Pain in the grass

Colombia's medicinal cannabis industry yet to take off.

Medicinal cannabis is legal in fifty countries worldwide and others are set to follow. As the industry matures, there are efforts to improve supply chains and reduce production costs.

Colombia is well-placed to become one of the leading growers globally. The country moved early to formalise the sector by implementing the necessary legal and regulatory frameworks. Furthermore, growing conditions in the country are ideal: the soil is fertile, there is 12 hours of sun per day and the climate is constant, meaning the plants are not stressed. As a result, production costs are 50% – 75% lower in Colombia than in Canada or the US.

Despite the above, the industry has not yet taken off due to a combination of technical and regulatory issues. The founder of a cannabis business operating in Colombia recalled, “There was a speculative boom in interest 20 months ago but as the reality of the business becomes clear everything is in decline.”

“There was a speculative boom in interest 20 months ago but as the reality of the business becomes clear everything is in decline.”

Founder, Cannabis business operating in Colombia

The reality our source refers to is that there are significant political, regulatory, chemical and financial barriers that have scared off many entrepreneurs.

Politically, the state retains tight control of the industry, which is understandable given the historical context of drug trafficking and armed conflict. The Ministry of Health, Ministry of Justice, Ministry of Defence, Ministry of Commerce, Industry and Tourism and the Instituto Colombiano Agropecuario (ICA) are all involved at various stages.

Today, more than 830 licenses have been granted but 1,500 are still pending as the granting of licenses is a very bureaucratic process, the founder observes, “We presented papers in 2018, the licensing process was meant to take 6 months, it has only just finished!”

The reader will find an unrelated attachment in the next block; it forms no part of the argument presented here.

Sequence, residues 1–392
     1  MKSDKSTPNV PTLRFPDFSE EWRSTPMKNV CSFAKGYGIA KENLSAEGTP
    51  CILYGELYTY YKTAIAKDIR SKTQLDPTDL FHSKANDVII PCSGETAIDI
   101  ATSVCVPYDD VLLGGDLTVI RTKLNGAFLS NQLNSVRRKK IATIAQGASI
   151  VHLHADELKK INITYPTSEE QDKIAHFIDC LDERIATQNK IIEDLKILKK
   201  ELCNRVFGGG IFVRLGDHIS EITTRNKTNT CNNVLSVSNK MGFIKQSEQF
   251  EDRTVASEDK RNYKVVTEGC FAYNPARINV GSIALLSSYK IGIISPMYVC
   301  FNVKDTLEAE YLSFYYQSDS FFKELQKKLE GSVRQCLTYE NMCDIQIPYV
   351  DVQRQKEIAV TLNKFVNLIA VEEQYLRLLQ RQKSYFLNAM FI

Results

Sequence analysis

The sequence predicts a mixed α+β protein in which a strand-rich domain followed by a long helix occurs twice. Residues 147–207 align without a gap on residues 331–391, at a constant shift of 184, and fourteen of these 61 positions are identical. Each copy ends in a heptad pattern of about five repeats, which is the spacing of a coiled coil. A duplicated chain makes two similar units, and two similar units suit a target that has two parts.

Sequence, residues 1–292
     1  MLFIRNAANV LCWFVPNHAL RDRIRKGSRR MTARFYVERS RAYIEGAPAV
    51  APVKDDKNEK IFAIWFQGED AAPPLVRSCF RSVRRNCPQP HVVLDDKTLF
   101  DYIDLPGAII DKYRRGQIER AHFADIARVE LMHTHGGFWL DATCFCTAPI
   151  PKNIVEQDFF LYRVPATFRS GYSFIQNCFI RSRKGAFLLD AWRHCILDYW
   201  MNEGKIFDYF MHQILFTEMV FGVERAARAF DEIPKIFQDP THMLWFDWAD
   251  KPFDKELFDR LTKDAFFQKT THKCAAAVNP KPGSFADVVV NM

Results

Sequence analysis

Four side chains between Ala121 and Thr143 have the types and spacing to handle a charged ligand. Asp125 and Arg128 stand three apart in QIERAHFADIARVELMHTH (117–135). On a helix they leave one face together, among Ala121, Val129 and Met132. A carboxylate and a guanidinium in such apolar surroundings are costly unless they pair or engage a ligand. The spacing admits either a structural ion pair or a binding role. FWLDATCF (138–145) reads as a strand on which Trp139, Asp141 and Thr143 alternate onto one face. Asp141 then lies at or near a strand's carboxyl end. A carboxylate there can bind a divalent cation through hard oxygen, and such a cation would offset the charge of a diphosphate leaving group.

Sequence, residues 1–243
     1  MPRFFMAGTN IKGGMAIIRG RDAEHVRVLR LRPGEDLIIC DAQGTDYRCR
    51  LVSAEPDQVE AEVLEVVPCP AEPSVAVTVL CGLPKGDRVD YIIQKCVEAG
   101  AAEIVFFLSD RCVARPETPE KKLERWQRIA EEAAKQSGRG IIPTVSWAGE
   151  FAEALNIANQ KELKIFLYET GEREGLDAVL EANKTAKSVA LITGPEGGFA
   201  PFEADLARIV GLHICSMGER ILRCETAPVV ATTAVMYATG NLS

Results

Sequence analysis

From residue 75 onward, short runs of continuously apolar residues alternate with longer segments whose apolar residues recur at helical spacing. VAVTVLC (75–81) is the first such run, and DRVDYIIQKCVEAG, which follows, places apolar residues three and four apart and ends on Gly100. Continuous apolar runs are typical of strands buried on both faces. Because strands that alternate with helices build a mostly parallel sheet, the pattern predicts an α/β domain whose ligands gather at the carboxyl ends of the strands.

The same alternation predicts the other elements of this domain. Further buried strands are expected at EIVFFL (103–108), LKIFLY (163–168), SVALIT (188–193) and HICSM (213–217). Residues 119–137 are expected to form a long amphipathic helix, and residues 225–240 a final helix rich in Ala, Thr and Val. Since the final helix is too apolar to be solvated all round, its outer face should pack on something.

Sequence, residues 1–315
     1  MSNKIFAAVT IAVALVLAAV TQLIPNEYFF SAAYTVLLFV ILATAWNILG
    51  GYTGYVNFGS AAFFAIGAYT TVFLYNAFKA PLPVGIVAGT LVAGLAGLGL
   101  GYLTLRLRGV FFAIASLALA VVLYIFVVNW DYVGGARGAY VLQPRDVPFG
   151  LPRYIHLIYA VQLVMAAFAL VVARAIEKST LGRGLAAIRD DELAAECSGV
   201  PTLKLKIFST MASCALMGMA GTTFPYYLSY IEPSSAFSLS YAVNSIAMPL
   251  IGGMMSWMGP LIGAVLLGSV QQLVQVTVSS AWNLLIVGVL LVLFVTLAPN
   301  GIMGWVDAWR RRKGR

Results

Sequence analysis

The law in Colombia requires 99% purity for cannabis to reach medicinal specifications. Tetrahydrocannabinol (THC), the principal psychoactive constituent of cannabis, must be less than 1%. A scientist in the field comments, “There are very few non-psychoactive varieties of cannabis and in these varieties the CBD level is low, making it poor for medicinal uses. It is not easy to reach the required purity, there needs to be significant investment in R&D, genetics and environment are critical, if the plants are stressed or if there are significant changes in conditions they produce more THC.”

Finally, the location must be taken into account, an investor in a Colombian cannabis producer explains, “You can’t just grow it anywhere, you need the right conditions. The areas where it grows best are Boyacá (Oicata, Villa de Leyva), Antioquia (Envigado), Santander (San Gil, Barbosa), Magdalena (Bonda) and Cauca.

“It is a high-cost crop and transformation is even more costly but the business case is sound.”

Investor in a Colombia cannabis producer

Despite these challenges, industry executives and investors remain bullish, “It is a high-cost crop and transformation is even more costly but the business case is sound. You just have to understand that the returns are long-term, not immediate.”

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